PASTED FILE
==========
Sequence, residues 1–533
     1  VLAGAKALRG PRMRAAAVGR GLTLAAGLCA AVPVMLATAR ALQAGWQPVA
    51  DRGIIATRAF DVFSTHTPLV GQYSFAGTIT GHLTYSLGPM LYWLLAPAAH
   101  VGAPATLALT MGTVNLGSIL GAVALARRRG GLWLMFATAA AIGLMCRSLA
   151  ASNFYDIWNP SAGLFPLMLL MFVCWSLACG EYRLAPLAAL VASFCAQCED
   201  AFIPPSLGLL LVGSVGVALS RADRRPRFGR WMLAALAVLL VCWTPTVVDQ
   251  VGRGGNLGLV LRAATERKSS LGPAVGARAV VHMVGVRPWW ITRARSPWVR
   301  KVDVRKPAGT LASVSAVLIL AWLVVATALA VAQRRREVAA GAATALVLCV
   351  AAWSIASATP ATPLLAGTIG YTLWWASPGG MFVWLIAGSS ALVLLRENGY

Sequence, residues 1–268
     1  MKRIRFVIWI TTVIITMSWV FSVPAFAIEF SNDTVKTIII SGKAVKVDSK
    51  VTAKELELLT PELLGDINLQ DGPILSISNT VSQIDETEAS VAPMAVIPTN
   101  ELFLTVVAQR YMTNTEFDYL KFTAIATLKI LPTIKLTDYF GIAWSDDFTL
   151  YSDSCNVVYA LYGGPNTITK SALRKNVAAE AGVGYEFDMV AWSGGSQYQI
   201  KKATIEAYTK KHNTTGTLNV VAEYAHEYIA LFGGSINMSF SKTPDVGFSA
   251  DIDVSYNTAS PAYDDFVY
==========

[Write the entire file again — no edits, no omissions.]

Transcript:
Sequence, residues 1–533
     1  VLAGAKALRG PRMRAAAVGR GLTLAAGLCA AVPVMLATAR ALQAGWQPVA
    51  DRGIIATRAF DVFSTHTPLV GQYSFAGTIT GHLTYSLGPM LYWLLAPAAH
   101  VGAPATLALT MGTVNLGSIL GAVALARRRG GLWLMFATAA AIGLMCRSLA
   151  ASNFYDIWNP SAGLFPLMLL MFVCWSLACG EYRLAPLAAL VASFCAQCED
   201  AFIPPSLGLL LVGSVGVALS RADRRPRFGR WMLAALAVLL VCWTPTVVDQ
   251  VGRGGNLGLV LRAATERKSS LGPAVGARAV VHMVGVRPWW ITRARSPWVR
   301  KVDVRKPAGT LASVSAVLIL AWLVVATALA VAQRRREVAA GAATALVLCV
   351  AAWSIASATP ATPLLAGTIG YTLWWASPGG MFVWLIAGSS ALVLLRENGY

Sequence, residues 1–268
     1  MKRIRFVIWI TTVIITMSWV FSVPAFAIEF SNDTVKTIII SGKAVKVDSK
    51  VTAKELELLT PELLGDINLQ DGPILSISNT VSQIDETEAS VAPMAVIPTN
   101  ELFLTVVAQR YMTNTEFDYL KFTAIATLKI LPTIKLTDYF GIAWSDDFTL
   151  YSDSCNVVYA LYGGPNTITK SALRKNVAAE AGVGYEFDMV AWSGGSQYQI
   201  KKATIEAYTK KHNTTGTLNV VAEYAHEYIA LFGGSINMSF SKTPDVGFSA
   251  DIDVSYNTAS PAYDDFVY